Teaching Kids to Shoot a Basketball
Shooting is perhaps the most glamorous of basketball skills. But behind the emotion of a game-winning free throw or the excitement of a big three-point shot lies a science.
Mechanics and Body Positioning
Tara VanDerveer, head women's basketball coach at Stanford University and winner of two NCAA national championships, teaches the BEEF method. Here's the breakdown:
B = Balance
Have your child stand with her legs shoulder-width apart, torso slightly forward, and feet pointed toward the basket. Knees should be slightly bent. If the shooter is right-handed, her right foot should be parallel to and slightly in front of her left foot, or vice versa if the player is left-handed. Make sure her shoulders are squared to the basket. The power behind a shot comes from her legs, not her arms.
E = Elbow
The elbow of her shooting arm should be in front of her body and under the ball at a 90-degree angle. Your child's wrist should be flexed and fingers comfortably spread. The ball should be able to balance in one hand and should not touch the palm. Don't allow her arm to cross too far in front of or away from her body. The non-shooting hand is called the "guide hand." It is placed lightly on the side of the ball to aid in balancing the ball in her shooting hand. It is not used to actually shoot the ball.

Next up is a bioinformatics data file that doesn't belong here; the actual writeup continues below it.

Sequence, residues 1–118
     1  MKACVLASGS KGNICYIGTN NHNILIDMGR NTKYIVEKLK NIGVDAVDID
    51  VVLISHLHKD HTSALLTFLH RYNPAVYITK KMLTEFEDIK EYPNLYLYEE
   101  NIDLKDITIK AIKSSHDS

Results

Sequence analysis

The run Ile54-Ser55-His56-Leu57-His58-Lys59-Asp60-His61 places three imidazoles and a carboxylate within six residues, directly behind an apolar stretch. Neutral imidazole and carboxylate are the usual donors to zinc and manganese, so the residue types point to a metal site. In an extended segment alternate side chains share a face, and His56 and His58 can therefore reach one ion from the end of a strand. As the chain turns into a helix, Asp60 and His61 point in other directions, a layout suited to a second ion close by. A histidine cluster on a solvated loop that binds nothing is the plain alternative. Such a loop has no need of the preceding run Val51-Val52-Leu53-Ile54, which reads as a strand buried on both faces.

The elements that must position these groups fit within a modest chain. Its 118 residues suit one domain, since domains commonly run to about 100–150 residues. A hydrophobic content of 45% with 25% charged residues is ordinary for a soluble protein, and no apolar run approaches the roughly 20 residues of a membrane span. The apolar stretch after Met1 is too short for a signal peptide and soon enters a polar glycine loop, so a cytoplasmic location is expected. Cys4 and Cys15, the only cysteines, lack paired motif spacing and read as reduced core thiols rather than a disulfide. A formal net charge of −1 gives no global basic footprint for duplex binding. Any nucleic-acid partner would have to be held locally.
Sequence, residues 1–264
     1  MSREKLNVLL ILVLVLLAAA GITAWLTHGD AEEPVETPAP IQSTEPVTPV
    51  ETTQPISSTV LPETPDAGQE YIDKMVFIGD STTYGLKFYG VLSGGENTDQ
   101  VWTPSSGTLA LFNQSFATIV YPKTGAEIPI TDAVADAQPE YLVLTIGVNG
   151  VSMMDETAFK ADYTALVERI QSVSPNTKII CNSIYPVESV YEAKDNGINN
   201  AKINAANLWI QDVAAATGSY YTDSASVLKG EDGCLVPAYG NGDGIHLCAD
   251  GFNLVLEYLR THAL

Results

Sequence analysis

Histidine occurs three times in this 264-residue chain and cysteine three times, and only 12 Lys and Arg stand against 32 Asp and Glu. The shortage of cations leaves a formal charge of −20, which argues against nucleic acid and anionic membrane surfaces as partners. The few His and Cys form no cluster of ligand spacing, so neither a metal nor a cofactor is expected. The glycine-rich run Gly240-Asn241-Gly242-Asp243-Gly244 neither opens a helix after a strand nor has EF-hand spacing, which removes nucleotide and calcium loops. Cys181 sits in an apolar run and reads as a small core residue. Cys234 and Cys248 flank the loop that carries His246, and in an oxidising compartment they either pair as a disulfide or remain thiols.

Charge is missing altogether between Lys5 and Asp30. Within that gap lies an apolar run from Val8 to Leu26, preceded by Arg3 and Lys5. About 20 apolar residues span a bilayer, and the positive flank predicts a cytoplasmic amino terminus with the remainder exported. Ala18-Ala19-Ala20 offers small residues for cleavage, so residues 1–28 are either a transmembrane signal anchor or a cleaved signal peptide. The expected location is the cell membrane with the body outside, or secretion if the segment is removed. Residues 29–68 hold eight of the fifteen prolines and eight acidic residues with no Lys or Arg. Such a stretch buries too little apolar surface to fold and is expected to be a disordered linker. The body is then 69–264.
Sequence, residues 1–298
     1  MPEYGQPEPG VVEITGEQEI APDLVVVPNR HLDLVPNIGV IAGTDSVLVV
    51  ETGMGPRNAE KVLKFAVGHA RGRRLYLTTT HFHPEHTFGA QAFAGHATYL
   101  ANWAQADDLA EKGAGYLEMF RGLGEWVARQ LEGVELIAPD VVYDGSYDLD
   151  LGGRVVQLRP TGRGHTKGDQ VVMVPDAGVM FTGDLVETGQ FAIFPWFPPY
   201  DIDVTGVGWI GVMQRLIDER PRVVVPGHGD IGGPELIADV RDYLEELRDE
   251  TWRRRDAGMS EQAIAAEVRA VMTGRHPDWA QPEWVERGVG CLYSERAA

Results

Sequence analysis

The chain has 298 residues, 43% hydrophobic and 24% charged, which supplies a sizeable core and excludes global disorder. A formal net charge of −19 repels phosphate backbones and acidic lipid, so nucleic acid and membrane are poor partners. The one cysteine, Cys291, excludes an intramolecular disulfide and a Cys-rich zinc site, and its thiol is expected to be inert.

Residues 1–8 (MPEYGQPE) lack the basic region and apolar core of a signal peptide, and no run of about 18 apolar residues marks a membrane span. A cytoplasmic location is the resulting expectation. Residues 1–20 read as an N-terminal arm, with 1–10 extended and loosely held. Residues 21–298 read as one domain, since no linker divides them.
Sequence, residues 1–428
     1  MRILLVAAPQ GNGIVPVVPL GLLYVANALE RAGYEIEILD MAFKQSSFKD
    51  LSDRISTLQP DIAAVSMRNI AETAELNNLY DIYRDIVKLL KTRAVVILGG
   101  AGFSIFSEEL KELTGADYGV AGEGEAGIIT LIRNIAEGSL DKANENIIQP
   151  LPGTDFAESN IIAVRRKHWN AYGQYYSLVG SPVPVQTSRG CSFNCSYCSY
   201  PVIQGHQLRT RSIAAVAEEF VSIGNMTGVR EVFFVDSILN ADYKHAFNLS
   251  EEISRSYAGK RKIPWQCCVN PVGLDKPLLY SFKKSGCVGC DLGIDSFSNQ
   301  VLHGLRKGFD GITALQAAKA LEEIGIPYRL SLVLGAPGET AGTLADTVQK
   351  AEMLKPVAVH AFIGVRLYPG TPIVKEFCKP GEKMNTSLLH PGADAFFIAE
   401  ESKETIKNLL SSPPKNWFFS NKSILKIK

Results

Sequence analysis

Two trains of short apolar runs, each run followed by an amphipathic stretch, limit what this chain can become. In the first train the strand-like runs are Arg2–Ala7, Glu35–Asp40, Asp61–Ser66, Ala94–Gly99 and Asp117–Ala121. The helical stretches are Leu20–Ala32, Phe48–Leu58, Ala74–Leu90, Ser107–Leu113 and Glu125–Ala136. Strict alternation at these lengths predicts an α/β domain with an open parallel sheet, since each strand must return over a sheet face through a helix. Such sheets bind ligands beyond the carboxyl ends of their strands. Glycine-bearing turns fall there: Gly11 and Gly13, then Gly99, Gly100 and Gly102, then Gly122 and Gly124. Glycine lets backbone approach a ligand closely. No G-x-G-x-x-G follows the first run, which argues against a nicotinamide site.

E = Eyes
When shooting, your child has to focus on a target. Most shooters like to focus a little above the front of the rim, while others keep their eyes on the back of the rim. Whatever the target, make sure it's the same every time. Consistency is key. Make sure your child does not watch the ball as it leaves her hand.
F = Follow-through
Following through puts the finishing touch on a good shot. After extending her bent elbow up and releasing the ball, your child's wrist should flick forward. Your child's tips of the index and middle fingers should be the last part of her hand to touch the ball. To imagine a proper follow-through, VanDerveer says to think of your child reaching into a cookie jar on a high counter. The arm is extended vertically and her fingers are pointed slightly downward.
Work on BEEF without the ball, following the steps until your child feels comfortable. Then incorporate the ball by standing across from your child and having her shoot the ball to you as if you were the basket. The focus at this point is not to make shots, but to perfect the form.
After your child masters the skill, let your little one have a go at the basket. Says VanDerveer, "Once at a basket, start in close and warm up working on correct form. Slowly move back. For young children, I am a fan of small balls and lower baskets."
Shooting is really a matter of finding a consistent, comfortable form and practicing it until you've got it down to, well, a science.